Lilly CEO reaffirms commitment to Chinese market amid US threat against local biotechs

At a time of heightened geopolitical tensions between the U.S. and China, Eli Lilly’s CEO said the Indianapolis-based company remains committed to the Chinese market.

David Ricks outlined his commitment during a Thursday meeting with China’s Commerce Minister Wang Wentao, according to a press release from the agency.

Ricks “expressed willingness to increase investment in China and reinforce R&D cooperation” to better serve the Chinese market, the agency said.

Wang, highlighting China’s pharma market as a broad space with room for Lilly and other multinational companies, said he hopes Lilly will continue to invest in China and introduce more drugs, according to the agency’s summary of the meeting. Besides Ricks, Wang also met with CEOs of HP, Visa, Mercedes-Benz Group, semiconductor manufacturer Broadcom, and Estée Lauder this week.

Ricks’ visit to China comes as regulators in the country review several Lilly drug applications. These include weight loss drug Zepbound, Alzheimer’s disease therapy donanemab and BTK blood cancer med Jaypirca.

At the beginning of the year, Lilly installed a new president of its China business, Huzur Devletsah, who previously headed the firm’s Italian operations.

Further, the meeting comes as a draft bill targeting certain Chinese biopharma companies advances in the U.S. Congress. One of the Chinese firms targeted is Lilly’s contractor and partner, WuXi AppTec. The bill, dubbed BIOSECURE Act, aims to block WuXi and other Chinese “biotechnology companies of concern” from getting contracts from federal agencies. If passed in its current form, the bill would also prohibit the targeted firms from working with partners that do business with the federal government, including those who sell drugs to Medicare and Medicaid. 

Lilly and WuXi teamed up in 2016 to develop a small-molecule drug for lowering blood lipids. WuXi also helps produce the active ingredient used in Zepbound and its sister diabetes drug Mounjaro, according to Bloomberg.

Lilly officially started operations in China in 1993. In 2022, its China business was hit hard after Chinese authorities put insulins on a national price-cut program known as volume-based procurement. After the initial effect of the hefty discount passed, Lilly saw its China sales bounce back to grow 6% in 2023 to $1.54 billion. Nevertheless, the growth rate was far slower than the entire firm’s 20%.

Meanwhile, the U.S. company hasn’t had the most successful collaborations with Chinese biotechs. Lilly originally partnered with Innovent Biologics on the latter’s PD-1 inhibitor Tyvyt. But it returned U.S. rights to Innovent in 2022 after a high-profile FDA rejection, and it had previously significantly reduced its role in their partnership in China.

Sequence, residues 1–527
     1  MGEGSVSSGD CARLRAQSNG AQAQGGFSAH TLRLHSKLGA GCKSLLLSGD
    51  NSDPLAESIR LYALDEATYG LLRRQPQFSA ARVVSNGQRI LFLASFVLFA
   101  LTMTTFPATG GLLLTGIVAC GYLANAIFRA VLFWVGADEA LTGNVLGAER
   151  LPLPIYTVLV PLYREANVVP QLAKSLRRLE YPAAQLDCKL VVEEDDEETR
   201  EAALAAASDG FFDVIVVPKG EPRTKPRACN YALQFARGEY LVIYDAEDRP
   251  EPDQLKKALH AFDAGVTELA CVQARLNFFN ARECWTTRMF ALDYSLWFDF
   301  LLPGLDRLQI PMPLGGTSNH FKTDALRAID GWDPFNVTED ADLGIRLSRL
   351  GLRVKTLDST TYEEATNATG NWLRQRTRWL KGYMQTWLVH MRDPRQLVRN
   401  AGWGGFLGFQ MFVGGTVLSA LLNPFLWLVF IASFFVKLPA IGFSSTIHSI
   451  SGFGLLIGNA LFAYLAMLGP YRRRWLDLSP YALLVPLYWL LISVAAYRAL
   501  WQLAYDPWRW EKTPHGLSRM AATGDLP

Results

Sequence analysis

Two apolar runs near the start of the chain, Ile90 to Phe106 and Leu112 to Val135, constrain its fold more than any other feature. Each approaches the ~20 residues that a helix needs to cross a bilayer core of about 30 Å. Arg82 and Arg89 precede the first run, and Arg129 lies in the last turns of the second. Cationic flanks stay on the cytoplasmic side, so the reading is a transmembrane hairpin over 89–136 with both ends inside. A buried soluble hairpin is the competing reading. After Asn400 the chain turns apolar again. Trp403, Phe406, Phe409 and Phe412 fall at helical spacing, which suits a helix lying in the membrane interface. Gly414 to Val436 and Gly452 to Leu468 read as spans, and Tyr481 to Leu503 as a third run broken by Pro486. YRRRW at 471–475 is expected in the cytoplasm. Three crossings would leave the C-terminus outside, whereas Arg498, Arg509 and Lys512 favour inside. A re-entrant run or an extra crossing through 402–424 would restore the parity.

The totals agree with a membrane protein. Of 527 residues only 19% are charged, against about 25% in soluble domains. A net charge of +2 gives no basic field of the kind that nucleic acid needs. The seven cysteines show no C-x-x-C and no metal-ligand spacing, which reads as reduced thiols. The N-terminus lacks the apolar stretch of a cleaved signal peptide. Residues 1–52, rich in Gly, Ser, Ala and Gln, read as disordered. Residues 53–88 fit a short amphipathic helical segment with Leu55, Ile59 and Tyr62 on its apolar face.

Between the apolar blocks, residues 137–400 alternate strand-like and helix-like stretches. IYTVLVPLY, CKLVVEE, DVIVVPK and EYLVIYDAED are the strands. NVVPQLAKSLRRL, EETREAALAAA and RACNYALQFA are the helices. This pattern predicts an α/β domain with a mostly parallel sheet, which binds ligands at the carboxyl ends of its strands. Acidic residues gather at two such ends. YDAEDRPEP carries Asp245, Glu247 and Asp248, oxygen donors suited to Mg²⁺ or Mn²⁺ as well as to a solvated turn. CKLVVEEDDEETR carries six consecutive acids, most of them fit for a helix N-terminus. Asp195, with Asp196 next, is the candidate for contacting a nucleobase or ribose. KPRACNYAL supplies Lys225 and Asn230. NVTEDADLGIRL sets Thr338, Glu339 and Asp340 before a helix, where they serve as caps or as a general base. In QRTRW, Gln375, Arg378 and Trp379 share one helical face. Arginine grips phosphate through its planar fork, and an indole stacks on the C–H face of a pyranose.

Lilly China also holds local rights to Hutchmed’s VEGF inhibitor Elunate (fruquintinib), but it later transferred on-the-ground promotion and detailing responsibilities back to Hutchmed. Takeda in 2023 bought ex-China rights to fruquintinib, which was approved by the U.S. FDA in November as a third-line colorectal cancer treatment under the brand name Fruzaqla.

Lilly-backed Lilly Asia Ventures has also funded several Chinese biotechs, including Abbisko, Carsgen, Chipscreen Biosciences and others.

As tensions between China and the U.S. have intensified in recent months, U.S. pharma companies—compared with their European peers—have largely shied away from making major investments or public endorsements of China. It remains to be seen whether Ricks’ meeting and statement will spur similar visits.

Merck & Co., which also works with WuXi, last year surpassed AstraZeneca to become the largest multinational pharma company in China by sales, mainly thanks to the HPV vaccine Gardasil. Merck’s $6.8 billion sales from China in 2023 marked a 31% increase year over year. The New Jersey pharma has also in-licensed several ADCs from China’s Kelun Biotech.

At least one other U.S. pharma giant is eying drug innovation out of China. Pfizer CEO Albert Bourla recently talked about tapping “Chinese science” as a source of new medicines. And the New York pharma’s newly minted oncology chief recently told Fierce Pharma that the company is looking for new deals on antibody-drug conjugates (ADCs), including those from China.

Last year, Pfizer also signed a memorandum of understanding with the Health China Research Center to support public health research and improve the health of rural populations, although no specific investments have been announced so far.

As for European drugmakers, GSK recently inked a high-profile deal with Chongqing Zhifei Biological Products to grow Shingrix in China. As Ricks met with Wang, GSK’s CEO Emma Walmsley also committed to China during her Thursday meeting with Shanghai Mayor Chen Jining, according to a release by the municipal government. And Novo Nordisk just made a large manufacturing investment pledge.